First things first, I believe in boxed cake mix—there I said it. Sure you can make your cake from scratch and it will no doubt be fantastic, but the people at Betty Crocker make a pretty fine chocolate cake mix so why not save yourself a few steps. However (and if you know me you already saw this tweak coming), when I make chocolate cake I always add a cup of mini chocolate chips to the batter. It takes perfectly acceptable boxed mix and bumps it up to something just a bit richer, tastier and more like homemade. Okay, so that takes care of the cake, now for the frosting.

I like buttercream frosting, but while buttercream seems like a no-brainer it’s actually a bit tricky. It can easily go from fluffy and light to too sweet, too greasy or too gritty. After much trial and error I finally found a vanilla buttercream recipe that seems near perfect; sweet but not overly so and light, creamy and easy to spread. Now to just make it a lovely color… As a rule I do not use food coloring. It’s pure chemicals, it increases hyperactivity in children and it’s considered carcinogenic. “In the early 1990s, FDA and Canadian scientists found that Red 40, Yellow 5 and Yellow 6, the three most widely used dyes, were contaminated with likely human carcinogens. And while many foods, such as M&M’s and Kellogg’s Hot Fudge Sundae Pop Tarts, include as many as five different dyes, even today the carcinogenic potential of such combinations has not been tested.” Pretty frightening right? And M&M’s are one of my “have to eat ’em till I’m sick” vices (same goes for potato chips, but that’s a story for another day!) The fact is artificial dyes are truly unhealthy, so much so that in Europe food with artificial colors must carry warning labels! So thanks for the easy solution, but no thanks. Instead I always try to use natural dyes for my frosting. I’ve had success in the past with puréed strawberries and raspberries to create pink frosting, dark chocolate cocoa powder for black frosting (think Darth Vader cake) and I just used turmeric powder to make littlest loves requested yellow frosting. I was a little worried about the turmeric flavor coming through but everyone (kids included) seemed to love it and couldn’t believe when I came clean about the secret ingredient.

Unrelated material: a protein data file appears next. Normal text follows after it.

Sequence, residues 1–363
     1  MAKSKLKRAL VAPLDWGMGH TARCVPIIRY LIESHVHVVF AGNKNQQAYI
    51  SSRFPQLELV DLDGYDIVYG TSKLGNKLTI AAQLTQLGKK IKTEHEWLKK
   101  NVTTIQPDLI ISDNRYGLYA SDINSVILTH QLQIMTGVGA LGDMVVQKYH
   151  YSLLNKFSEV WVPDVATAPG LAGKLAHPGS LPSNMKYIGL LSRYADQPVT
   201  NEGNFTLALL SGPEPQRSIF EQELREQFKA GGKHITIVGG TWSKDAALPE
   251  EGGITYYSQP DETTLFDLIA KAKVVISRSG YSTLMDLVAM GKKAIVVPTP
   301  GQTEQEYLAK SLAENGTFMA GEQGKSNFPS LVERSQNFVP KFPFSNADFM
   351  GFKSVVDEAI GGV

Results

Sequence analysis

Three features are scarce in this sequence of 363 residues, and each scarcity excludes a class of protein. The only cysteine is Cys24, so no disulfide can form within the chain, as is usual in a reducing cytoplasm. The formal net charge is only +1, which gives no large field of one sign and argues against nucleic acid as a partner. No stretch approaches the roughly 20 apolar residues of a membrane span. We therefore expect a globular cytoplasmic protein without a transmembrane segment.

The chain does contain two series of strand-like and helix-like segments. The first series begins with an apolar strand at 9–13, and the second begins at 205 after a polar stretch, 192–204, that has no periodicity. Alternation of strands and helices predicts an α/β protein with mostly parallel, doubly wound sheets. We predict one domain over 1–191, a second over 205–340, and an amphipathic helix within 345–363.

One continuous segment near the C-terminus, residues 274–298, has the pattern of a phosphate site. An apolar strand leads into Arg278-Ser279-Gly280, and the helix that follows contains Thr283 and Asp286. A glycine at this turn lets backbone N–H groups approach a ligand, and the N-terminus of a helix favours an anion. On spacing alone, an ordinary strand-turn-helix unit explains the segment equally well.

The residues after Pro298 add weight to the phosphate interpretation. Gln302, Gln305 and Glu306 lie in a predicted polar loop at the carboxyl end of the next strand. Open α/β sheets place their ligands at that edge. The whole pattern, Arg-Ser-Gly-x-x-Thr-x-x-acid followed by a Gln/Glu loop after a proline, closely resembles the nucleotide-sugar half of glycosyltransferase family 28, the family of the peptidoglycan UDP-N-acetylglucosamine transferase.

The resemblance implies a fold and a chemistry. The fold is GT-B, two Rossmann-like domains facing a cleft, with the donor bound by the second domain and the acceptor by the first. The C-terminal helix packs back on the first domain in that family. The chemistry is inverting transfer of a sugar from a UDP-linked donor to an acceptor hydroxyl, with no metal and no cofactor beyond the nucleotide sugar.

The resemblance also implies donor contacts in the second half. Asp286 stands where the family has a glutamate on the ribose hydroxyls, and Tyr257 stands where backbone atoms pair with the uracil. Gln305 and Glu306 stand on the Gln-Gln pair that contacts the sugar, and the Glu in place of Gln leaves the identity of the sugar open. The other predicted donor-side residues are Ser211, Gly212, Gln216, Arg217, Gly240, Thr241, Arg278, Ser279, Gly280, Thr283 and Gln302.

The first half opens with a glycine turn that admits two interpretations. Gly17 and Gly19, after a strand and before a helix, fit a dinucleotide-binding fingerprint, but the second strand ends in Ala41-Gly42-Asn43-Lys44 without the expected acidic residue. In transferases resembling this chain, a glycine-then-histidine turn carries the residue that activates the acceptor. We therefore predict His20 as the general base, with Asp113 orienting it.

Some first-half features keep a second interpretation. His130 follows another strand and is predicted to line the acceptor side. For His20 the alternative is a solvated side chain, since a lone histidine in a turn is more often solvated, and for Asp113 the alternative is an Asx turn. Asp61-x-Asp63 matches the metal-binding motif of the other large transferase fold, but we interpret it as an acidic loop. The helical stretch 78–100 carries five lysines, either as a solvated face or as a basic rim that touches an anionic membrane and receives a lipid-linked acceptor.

So there you have it, the world is a colorful place and now you don’t need to rely on Red 40 and Blue 1 to make it even more so! And in case you’re really interested; I’ve read you can use puréed spinach for green frosting, carrot juice for orange and cooked red cabbage for purple. I haven’t given any of those combos a try yet but I just may, so be prepared the next time I offer you green cupcakes…

Pale Pink Buttercream Frosting
Using berries to color frosting gives it a lovely flavor as well as pale pink color. If you want a deeper shade of pink double the strawberries, but add the additional berries slowly. Too much moisture and your buttercream will be a watery mush.

natural color cupcakes

1 cup diced strawberries
2 sticks of unsalted butter, room temperature
3 cups powdered sugar
2 tsp. vanilla
2 tbsp. heavy cream

  1. Finely dice the strawberries. Place them in a small saucepan and cook over a low flame for 25 minutes until all the berries have broken down and released juices. (Stir and smoosh berries with spoon every few minutes to speed up the process.)